A meme lamenting the demise of 'Black' radio is presently circulating through the Afrosphere with the announcement Disney is switching the format of WRKS-FM (a.k.a., "98.7 KISS" to New Yorkers) from urban contemporary to sports talk. In what some are billing as a "merger", 98.7 KISS' long-time UC rival, WBLS-FM, is hiring some of the former's announcers to fill time slots presumably occupied at the present time by WBLS employees. One notable casualty of the format switch is Tom Joyner's syndicated morning show.
The reaction I've seen from African-American media pundits has been predictably apocalyptic, if not a bit melodramatic. Paul Porter, a radio industry veteran who maintains the blogs RapRehab and Industry Ears, suggested on Facebook WRKS' format switch as another log added to 'Black' radio's funeral pyre. My initial response was ambivalence: 98.7 KISS isn't owned by African-Americans, therefore "we" aren't losing anything of substance. I wanted to say if by 'Black' radio we're describing a station, regardless of its ownership, that features content aimed at a predominantly Af-Am audience, then 'Black' gets reduced to a fashion statement subject to change on a whim.
Several people weighed in on Porter's thread attributing this development to several factors, including syndication, commercialism, and deregulation. While all those factors (and others) collectively explain the current, non-competitive state of radio today -- including 'Black' radio -- I question whether a given station's format change by itself is a reliable reference point for measuring the presence of Af-Ams in the radio industry. It's no exaggeration to state Af-Ams are underrepresented in every aspect of the radio industry. However, relative to 1980 (to pick a year) and earlier, there are more Af-Ams working as talent, clerical staff, and managers; more Af-Ams are owners of radio stations and network groups than at any point in American history. Af-Am professionals are dispersed throughout the industry with companies of various sizes. Additionally, Af-Am-themed content and content created by Af-Am artists is being increasingly assimilated into the programming of other radio formats, i.e.; adult contemporary, Top 40, CHR, etc. These facts suggest something contrary to 'Black' radio's demise is underway.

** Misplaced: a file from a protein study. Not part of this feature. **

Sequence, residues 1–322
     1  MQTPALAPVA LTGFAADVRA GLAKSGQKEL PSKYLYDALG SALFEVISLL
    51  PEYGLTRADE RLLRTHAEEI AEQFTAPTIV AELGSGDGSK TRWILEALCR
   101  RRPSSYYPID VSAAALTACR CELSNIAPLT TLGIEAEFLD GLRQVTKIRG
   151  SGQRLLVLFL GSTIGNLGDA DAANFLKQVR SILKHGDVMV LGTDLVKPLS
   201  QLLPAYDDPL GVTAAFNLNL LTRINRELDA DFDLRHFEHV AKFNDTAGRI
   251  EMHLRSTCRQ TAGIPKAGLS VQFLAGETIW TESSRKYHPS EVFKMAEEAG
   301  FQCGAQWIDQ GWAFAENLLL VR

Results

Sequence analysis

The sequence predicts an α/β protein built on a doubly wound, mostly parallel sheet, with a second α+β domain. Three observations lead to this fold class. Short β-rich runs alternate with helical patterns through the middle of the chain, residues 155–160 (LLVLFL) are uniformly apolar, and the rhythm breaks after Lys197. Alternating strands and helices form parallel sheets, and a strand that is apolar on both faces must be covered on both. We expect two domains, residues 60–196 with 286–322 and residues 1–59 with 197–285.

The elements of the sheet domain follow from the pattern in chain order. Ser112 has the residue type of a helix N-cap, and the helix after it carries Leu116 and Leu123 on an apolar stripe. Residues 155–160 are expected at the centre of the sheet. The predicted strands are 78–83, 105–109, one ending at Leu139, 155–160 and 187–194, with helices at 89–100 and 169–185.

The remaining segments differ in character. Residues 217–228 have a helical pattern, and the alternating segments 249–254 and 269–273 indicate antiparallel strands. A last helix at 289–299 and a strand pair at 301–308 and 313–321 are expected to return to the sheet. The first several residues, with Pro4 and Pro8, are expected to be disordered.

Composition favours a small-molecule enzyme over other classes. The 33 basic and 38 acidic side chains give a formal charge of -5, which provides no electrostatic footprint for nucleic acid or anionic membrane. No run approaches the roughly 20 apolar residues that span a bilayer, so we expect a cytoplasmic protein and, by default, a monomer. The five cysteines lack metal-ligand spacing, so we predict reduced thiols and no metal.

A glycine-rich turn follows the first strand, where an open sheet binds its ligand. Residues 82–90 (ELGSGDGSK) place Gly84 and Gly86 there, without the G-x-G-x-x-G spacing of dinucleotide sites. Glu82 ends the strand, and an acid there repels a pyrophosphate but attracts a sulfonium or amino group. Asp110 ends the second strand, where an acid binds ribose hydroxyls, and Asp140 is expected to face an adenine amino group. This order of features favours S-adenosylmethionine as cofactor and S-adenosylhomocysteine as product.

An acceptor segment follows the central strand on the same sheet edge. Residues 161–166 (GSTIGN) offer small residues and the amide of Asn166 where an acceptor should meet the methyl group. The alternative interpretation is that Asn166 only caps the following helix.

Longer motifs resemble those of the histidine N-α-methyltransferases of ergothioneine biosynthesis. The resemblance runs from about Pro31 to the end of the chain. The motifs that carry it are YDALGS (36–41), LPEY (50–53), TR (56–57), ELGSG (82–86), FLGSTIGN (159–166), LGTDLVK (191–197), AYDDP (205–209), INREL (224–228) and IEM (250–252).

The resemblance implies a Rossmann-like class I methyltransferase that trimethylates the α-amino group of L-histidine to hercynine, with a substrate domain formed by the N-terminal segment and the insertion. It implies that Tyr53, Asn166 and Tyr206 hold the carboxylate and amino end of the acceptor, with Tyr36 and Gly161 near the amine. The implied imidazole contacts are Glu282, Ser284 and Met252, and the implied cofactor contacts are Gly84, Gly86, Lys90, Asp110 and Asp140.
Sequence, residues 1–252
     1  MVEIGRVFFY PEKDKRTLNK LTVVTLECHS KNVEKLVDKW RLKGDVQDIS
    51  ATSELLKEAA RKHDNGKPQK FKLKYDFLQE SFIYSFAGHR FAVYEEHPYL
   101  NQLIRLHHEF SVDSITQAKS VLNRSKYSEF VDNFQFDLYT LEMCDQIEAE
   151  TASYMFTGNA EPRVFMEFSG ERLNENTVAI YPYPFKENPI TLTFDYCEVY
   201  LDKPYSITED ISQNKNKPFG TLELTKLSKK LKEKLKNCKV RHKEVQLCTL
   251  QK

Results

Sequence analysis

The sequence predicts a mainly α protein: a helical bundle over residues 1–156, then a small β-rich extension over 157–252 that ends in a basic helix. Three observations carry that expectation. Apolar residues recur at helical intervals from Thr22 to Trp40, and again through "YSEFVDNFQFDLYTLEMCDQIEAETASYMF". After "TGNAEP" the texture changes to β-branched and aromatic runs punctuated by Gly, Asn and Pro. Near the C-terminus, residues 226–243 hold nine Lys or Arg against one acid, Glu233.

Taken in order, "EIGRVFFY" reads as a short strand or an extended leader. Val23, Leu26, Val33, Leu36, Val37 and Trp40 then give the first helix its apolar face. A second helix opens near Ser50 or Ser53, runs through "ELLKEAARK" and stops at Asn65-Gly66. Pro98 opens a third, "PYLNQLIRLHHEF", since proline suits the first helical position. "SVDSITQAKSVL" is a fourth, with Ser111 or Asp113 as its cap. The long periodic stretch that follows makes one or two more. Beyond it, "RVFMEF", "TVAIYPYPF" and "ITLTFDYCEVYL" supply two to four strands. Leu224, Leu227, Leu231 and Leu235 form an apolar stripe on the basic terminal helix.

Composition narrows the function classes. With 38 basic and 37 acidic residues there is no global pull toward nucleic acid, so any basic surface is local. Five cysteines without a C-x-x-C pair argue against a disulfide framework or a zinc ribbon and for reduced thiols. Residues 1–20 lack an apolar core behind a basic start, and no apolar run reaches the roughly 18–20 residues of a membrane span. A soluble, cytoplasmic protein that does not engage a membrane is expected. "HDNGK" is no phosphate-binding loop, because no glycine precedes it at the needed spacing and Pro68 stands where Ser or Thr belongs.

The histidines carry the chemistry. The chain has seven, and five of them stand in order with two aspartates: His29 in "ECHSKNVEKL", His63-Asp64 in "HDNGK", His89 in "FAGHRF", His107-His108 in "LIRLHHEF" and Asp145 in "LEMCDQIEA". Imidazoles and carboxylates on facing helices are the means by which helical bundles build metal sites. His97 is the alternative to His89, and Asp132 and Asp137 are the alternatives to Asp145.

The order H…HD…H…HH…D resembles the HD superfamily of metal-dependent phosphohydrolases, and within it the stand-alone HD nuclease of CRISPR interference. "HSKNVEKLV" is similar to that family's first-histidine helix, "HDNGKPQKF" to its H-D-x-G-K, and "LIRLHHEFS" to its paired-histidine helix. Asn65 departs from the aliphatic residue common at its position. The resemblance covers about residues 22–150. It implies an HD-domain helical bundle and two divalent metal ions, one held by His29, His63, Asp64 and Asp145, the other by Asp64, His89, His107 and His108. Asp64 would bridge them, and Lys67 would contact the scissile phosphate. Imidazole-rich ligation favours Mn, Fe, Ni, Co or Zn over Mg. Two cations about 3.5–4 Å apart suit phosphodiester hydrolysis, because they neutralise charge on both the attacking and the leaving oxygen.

I submit this slow assimilation of Af-Ams and Af-Am culture into so-called 'mainstream' radio is a net positive and represents not only the class' expansion into the industry, but an opportunity for Af-Am entrepreneurs and investors to make the leap beyond ethnocapitalism. Perhaps the conventional model for what Porter and others call 'Black' radio has become an anachronism, and therefore requires a new, more accurate definition by which the state of the industry can be judged. It should be noted that WBLS' ownership has transferred from the Af-Am-owned Inner City Broadcasting to a group including Magic Johnson -- who, the last time I checked, is African-American. Even Radio One has taken steps to diversify its outlets' programming to offer rock and all-news formats. I expect as Johnson's group adds to its portfolio of radio stations and other media properties, his participation alone will come to represent the archetype for 'Black' radio moving forward in time. I'd like to see industry professionals like Porter lend their talents and expertise to this evolution by actively participating in organizational efforts that can become the basis for a new, proper 'Black' radio vanguard.
I'm skeptical whether this type of activism is forthcoming from the armchair pundits and those others protesting the loudest. However... hope springs eternal.
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